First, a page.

Wednesday, August 20, 2003

Could this be a major 'root cause' of American voter rage?

From the Economist:

If governments' ultimate goal is to maximise the well-being (ie, “happiness”) of society as a whole, then, says Lord Layard, some highly controversial implications for public policy follow. Conventional economic theory argues that taxation distorts the choice between leisure and income. Taxes reduce the incentive to work an extra hour rather than go home, or to put in extra effort in the hope of promotion. But Lord Layard's argument implies that people have a tendency to work too much. Far from being distortionary, taxes are therefore desirable. He suggests a marginal tax rate of 30% to deal with the “pollution” that one person's extra income inflicts on others, and the same again for habituation. The total of 60% is a typical European level of taxation (taking both direct and indirect taxes into account).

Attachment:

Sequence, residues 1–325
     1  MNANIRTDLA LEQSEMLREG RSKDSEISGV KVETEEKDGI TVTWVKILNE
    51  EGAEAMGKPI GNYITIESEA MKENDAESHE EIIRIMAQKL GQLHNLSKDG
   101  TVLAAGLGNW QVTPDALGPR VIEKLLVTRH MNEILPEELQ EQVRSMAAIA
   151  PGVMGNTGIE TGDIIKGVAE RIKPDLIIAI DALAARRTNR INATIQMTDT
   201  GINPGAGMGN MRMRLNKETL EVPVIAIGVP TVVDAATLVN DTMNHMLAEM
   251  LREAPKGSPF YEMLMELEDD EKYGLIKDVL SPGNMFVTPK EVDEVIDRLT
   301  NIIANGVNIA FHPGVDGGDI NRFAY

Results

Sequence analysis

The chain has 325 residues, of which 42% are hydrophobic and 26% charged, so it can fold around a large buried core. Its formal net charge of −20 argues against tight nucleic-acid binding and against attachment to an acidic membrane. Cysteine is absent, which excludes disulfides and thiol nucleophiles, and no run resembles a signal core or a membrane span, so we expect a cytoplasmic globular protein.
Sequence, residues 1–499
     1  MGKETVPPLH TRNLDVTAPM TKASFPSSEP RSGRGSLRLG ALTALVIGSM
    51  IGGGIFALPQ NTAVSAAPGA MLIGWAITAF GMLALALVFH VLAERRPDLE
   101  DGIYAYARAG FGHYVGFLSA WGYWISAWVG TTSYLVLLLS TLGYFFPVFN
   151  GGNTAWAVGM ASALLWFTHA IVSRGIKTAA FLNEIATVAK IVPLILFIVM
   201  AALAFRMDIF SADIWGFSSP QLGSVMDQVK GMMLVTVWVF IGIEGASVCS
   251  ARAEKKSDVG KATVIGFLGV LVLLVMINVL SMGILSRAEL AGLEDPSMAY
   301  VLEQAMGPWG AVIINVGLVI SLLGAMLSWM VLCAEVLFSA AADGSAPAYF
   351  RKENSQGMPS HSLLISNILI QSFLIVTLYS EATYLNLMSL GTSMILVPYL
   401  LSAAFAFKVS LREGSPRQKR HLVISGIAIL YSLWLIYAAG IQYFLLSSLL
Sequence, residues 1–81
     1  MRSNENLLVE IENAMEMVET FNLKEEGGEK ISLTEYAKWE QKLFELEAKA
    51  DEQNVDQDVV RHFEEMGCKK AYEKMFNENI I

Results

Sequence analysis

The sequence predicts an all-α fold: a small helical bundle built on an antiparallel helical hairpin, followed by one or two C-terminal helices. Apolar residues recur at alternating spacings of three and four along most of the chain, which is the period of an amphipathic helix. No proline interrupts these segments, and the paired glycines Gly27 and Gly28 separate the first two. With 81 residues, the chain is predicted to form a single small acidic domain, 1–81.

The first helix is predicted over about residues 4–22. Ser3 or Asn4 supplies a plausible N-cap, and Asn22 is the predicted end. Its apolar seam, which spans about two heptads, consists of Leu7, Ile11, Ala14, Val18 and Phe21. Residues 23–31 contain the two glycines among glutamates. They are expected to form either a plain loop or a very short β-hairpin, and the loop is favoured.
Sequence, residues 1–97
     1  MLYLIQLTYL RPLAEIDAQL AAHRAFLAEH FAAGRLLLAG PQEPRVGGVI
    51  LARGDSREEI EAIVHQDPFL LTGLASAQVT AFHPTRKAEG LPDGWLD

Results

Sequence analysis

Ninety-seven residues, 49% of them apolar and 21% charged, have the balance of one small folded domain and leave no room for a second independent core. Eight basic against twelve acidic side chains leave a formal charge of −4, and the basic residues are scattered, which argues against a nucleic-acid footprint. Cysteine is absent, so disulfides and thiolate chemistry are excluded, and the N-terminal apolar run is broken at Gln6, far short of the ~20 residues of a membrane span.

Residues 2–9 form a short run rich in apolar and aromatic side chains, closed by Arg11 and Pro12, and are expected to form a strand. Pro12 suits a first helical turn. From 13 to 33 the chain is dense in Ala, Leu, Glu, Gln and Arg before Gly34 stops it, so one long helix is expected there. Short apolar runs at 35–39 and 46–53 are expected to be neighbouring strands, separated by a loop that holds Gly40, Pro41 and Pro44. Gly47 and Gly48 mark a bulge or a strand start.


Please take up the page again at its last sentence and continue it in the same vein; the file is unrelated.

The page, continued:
You should click through to decide if I've misinterpreted the rest of the argument (which with supporting examples and evidence is too long to quote), but basically he argues that it's easier to make individuals happy with huge amounts of money than whole societies, because one of the things that makes people happy is having more than the neighbors, and one of the things that makes them sad is having less than the neighbors, so raising average income only makes people happier to a point. He argues that having more vacation time makes people happier even if everyone else has more too. So money is a rat race (after a certain point) but not leisure.

Even if he's right, surely you have to take working conditions and job satisfaction into account as well. All the same, in recent years voter anger about giving people more than five years of welfare has been much stronger than about other forms of waste which are larger in absolute terms. Lack of leisure could well explain a more viscereal rage at feeling bilked by people who don't have to work for a living than by people who are at least hardworking dishonest folks.

No comments: